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I'm training an MLP neural network with one hidden layer and batch gradient descent using Keras/Tensorflow. Applying dropout to the input layer increased the training time per epoch by about 25 %, independent of the dropout rate.

That dropout increases the number of epochs needed to reach a validation loss minimum is clear, but I thought that the training time per epoch would decrease by dropping out units.

Does anyone know the reason?

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but I thought that the training time per epoch would decrease by dropping out units.

That's not the case. I understand your rationale though. You thought that zeroing out components would make for less computation. That would be the case for sparse matrices, but not for dense matrices.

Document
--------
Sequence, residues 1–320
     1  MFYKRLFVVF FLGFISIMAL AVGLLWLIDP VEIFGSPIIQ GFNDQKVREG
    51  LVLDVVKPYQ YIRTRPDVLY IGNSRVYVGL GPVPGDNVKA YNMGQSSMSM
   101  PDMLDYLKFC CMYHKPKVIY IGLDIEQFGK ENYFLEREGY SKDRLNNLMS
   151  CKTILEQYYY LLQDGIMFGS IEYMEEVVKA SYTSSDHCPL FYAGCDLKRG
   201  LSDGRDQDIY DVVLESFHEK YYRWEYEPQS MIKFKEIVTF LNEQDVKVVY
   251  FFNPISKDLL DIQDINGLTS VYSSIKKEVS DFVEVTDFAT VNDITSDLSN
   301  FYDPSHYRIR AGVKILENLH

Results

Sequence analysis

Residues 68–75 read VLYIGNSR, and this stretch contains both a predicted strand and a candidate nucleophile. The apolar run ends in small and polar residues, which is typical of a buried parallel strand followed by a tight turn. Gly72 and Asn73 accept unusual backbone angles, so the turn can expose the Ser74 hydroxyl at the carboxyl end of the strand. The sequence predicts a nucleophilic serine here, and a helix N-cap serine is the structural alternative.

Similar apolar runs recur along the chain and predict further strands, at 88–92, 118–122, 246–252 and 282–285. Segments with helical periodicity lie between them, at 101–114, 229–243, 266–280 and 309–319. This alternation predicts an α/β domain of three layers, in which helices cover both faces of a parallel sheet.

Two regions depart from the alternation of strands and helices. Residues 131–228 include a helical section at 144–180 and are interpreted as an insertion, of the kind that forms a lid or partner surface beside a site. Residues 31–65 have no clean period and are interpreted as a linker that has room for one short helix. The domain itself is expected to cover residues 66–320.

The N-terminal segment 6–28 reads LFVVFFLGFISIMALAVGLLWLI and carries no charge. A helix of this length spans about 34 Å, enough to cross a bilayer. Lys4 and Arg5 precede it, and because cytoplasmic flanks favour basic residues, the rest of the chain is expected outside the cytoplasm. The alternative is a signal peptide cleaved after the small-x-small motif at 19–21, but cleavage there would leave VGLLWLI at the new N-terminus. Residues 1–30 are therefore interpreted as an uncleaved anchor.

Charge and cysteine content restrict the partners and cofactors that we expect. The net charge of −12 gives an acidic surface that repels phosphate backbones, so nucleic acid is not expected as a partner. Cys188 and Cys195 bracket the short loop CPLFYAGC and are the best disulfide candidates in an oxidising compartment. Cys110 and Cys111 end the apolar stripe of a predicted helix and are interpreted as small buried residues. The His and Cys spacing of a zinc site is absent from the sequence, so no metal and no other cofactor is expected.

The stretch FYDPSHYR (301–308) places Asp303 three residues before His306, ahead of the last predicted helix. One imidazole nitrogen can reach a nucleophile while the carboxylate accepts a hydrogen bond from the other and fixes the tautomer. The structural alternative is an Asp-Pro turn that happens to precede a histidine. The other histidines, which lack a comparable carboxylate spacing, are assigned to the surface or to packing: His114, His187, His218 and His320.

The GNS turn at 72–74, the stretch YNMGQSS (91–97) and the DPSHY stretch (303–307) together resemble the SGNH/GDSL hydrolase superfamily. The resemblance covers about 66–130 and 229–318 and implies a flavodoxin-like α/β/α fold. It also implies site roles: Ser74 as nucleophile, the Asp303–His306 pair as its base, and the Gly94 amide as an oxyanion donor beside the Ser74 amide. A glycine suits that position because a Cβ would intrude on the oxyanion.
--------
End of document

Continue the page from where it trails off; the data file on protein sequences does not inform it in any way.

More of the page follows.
TensorFlow, and any deep learning framework for that matter, uses vectorized operations on dense vector*. This means that number of zeros makes no difference, since you're going to calculate matrix operations using all entries.

In reality, the opposite is true, because dropout requires

  • additional matrices for dropout masks
  • drawing random numbers for each entry of these matrices
  • multiplying the masks and corresponding weights

* They also support sparse matrices, but they don't make sense for most weights because they're useful mostly if you have far less than half of entries equal to zero.

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    $\begingroup$ ** Also, the matrices are not sparse before dropout, so we would need to re-pack them from regular to sparse matrices at every iteration (when new cells are dropped) and this would need additional computations, so I guess this would not be worth the effort. $\endgroup$ – Tim Nov 15 '18 at 9:45

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